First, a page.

Tuesday, 26 May 2009

Fuggic Knotwork

Wow.  The shit that passes for 'Celtic' these days never ceases to amaze me.

Now, I have no problem with people taking inspiration from Irish/Pictish/Anglo-Saxon/Gallic/Viking/Whatever-else-have-you knotwork and making some sort of fantastical pastiche.  We've been doing it since the 19th century, and without it neither Art Nouveau nor LotR Elven architecture would have been the same.  But I do have a problem with how it's advertised.  

First off, must people keep calling it 'Celtic?'  The term is very general and not associated with any single culture or ethnicity; it is used by linguists to describe a particular language group, and all other definitions are hotly contested.  In addition, people have a tendency to apply it to all knotwork of northern Europe, forgetting that the Anglo-Saxons and Vikings, whose languages were Germanic, not Celtic, have inspired more modern knotwork designs than the Irish!  

Secondly, is it too much to expect that reenactment sites, which claim to be historical, would try to provide believable examples instead of total fantasy?

Apparently it is.  If archeological digs have turned up any tiaras, they were planted there by time travelers.

Um, what's the point of a penannular brooch with a pin that doesn't function?  And given that this thing's sporting a foliate pattern that looks more Byzantine than northern, I'd like to know why it's called 'Celtic' at all.

This was in the Celtic section.  Yes, the Celtic section.  Because mixing modern fantasy dragons with Anglo-Saxon knotwork is so very Celtic!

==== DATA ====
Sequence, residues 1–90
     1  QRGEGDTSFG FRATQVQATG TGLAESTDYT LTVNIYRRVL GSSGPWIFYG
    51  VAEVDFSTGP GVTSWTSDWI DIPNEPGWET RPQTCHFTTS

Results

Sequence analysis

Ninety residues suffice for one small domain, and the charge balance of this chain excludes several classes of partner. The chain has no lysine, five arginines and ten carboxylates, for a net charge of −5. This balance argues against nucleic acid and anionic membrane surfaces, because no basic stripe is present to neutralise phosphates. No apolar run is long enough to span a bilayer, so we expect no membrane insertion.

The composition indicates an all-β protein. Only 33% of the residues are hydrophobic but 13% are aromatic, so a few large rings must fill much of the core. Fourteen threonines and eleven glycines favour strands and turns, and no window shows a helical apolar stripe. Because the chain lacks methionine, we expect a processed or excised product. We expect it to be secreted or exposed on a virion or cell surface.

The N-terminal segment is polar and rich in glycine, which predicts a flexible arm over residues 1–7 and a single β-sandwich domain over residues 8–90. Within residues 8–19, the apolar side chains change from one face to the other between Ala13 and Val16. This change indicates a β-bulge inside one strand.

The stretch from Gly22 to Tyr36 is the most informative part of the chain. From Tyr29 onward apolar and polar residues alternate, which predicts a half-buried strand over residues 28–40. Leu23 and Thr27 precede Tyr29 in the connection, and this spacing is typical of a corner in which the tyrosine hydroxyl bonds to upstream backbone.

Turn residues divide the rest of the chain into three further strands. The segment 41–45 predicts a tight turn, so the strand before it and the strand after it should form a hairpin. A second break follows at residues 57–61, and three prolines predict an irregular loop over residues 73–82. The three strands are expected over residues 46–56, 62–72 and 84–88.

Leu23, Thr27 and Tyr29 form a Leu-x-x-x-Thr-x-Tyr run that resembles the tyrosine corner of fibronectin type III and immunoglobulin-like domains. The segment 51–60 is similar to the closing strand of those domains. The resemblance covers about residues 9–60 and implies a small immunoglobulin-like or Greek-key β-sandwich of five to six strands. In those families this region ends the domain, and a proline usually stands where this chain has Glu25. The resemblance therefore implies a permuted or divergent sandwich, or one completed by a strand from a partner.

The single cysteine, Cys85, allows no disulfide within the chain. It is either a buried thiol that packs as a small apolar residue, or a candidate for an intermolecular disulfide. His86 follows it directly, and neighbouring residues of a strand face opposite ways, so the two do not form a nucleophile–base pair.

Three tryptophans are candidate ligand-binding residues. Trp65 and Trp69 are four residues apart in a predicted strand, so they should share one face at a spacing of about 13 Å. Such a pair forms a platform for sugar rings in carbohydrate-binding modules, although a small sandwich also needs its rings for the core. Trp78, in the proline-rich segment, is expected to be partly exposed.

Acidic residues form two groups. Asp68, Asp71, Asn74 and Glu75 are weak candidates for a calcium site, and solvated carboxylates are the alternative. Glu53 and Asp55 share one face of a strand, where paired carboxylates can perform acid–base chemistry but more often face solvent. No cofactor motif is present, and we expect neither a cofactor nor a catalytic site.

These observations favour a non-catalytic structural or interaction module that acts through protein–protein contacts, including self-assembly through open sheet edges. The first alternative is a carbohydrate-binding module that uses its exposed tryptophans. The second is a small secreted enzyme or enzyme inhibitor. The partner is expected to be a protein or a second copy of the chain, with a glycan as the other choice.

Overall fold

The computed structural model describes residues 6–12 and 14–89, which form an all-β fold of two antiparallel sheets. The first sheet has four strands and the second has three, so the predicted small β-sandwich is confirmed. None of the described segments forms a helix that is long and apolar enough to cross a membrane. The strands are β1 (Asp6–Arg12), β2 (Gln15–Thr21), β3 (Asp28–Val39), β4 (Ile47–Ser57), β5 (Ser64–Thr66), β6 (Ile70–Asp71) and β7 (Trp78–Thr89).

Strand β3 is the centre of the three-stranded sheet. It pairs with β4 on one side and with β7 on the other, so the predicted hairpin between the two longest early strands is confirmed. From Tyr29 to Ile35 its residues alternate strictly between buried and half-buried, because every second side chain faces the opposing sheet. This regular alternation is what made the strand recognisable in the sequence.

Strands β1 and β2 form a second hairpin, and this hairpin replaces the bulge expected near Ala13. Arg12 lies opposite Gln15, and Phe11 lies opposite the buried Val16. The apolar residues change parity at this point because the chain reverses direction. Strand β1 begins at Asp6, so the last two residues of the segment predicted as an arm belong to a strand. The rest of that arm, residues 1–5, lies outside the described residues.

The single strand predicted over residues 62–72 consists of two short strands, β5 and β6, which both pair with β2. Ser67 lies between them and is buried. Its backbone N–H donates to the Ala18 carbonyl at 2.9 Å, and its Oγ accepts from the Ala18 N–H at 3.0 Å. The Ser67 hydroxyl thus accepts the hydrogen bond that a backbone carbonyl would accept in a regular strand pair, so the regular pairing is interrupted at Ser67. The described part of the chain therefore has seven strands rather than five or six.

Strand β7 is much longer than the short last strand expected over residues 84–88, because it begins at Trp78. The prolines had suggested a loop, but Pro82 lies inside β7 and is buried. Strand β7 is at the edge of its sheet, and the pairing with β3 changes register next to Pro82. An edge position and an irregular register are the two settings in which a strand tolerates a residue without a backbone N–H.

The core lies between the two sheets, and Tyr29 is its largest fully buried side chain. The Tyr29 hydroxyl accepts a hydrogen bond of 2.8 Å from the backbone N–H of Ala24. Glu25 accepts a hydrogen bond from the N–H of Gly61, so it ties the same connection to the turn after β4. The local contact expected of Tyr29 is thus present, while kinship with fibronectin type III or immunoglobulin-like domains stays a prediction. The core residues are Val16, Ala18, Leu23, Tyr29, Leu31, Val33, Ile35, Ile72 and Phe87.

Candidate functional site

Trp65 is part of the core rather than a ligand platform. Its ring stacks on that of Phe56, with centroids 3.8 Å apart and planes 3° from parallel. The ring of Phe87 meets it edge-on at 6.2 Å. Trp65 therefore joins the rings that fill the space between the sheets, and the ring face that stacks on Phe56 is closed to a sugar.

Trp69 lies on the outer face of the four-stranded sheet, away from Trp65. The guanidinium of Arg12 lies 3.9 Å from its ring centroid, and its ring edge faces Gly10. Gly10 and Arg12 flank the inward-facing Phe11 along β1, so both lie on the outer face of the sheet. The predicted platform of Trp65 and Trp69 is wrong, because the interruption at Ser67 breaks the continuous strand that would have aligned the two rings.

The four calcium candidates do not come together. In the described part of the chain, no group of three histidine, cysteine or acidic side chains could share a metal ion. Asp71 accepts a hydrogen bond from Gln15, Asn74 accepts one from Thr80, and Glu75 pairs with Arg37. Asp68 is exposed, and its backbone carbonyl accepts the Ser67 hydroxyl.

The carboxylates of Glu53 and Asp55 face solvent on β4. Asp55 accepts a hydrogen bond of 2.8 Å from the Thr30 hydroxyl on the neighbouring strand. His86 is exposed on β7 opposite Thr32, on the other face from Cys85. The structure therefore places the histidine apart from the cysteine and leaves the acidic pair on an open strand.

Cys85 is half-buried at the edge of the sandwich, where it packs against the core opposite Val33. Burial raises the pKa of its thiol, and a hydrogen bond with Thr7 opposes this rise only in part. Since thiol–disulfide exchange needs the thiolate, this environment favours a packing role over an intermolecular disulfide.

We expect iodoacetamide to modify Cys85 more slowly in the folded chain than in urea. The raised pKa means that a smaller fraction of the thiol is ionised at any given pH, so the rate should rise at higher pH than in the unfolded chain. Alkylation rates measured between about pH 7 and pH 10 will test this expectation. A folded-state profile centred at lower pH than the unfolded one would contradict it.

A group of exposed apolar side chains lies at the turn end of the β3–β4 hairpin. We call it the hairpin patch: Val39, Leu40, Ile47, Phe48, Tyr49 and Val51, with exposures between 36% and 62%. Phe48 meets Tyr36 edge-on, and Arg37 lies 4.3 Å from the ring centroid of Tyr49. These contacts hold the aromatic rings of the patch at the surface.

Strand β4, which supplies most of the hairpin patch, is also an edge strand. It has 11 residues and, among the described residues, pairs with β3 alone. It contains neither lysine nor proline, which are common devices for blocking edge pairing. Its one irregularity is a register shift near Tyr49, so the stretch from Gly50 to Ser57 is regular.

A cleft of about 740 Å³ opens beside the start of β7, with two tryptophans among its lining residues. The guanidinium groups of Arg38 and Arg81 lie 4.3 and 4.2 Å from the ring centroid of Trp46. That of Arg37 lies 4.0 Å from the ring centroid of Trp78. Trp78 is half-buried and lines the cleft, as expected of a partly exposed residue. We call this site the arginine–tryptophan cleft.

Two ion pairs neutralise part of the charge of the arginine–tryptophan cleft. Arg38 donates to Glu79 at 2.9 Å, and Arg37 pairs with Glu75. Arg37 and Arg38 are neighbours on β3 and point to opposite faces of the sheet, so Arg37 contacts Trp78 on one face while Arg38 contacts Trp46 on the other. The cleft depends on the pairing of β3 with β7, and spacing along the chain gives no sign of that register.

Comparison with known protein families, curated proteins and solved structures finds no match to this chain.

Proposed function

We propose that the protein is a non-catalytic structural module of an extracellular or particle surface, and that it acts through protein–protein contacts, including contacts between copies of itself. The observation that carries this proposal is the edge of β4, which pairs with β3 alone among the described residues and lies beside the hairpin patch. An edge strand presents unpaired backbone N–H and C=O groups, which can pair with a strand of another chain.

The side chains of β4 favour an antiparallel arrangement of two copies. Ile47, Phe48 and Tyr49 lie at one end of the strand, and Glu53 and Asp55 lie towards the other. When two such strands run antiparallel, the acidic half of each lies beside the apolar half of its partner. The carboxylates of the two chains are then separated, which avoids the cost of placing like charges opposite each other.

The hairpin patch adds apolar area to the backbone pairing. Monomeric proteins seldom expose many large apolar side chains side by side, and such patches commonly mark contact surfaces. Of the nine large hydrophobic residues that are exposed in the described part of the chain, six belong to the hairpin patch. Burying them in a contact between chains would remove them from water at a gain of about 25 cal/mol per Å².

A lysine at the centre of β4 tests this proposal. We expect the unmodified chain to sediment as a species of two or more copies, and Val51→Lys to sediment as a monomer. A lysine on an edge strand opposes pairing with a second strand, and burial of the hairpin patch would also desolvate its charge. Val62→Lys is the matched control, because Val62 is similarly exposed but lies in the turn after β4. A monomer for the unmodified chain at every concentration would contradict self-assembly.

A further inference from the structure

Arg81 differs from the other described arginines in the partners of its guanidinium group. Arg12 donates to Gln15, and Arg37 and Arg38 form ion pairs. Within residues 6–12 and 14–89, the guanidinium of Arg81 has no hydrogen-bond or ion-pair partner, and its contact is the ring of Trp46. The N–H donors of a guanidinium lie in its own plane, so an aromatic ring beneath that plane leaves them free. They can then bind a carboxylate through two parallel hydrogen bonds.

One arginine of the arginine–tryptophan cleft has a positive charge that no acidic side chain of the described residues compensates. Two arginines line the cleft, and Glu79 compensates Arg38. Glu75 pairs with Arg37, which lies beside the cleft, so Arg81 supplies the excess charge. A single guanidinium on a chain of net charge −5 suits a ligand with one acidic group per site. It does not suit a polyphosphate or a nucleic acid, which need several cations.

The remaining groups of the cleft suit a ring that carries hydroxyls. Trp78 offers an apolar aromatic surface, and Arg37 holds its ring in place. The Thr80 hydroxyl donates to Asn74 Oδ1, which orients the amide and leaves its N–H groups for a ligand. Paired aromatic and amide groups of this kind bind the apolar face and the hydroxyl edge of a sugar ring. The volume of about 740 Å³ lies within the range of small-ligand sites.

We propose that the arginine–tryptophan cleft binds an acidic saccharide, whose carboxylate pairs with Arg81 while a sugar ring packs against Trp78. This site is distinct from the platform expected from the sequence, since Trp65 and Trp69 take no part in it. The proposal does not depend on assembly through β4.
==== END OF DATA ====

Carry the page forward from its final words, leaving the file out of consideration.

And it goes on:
These little gems come from Chivalry Sports, which makes a lot of noise about being your One Stop Shop for all things Ren/Medieval.  But all too often, its products are absolute crap.


  1. I think those who seek to find inexpensive but authentic, quality costumes need to just come to the reality that no costume that's mass-produced and sold on product sites like these will be acceptable. The quality items, the beautiful pieces you see at events are not purchased on randomcostumesite.com... they're meticulously made by the wearer or someone who makes only a few pieces a year. Anyone going to a standard costume site expecting more than just acetate and crap is deluded.

  2. worse, I think the dragon thing (tagged "celtic") is based on ASIAN dragons.

  3. If you want to see more of this type of 'Celtic' nonsense then go to any tattoo studio. Any knot-work design is labelled Celtic. The recent Anglo-Saxon treasure - the Staffordshire Hoard - is also being described as 'Celtic', even though it's Anglo-Saxon, i.e. English. They're just trying to sell cheap facsimiles of the treasure on the back of a so-called romantic Celtic image - i.e. ripping off someone else's culture, namely our English culture!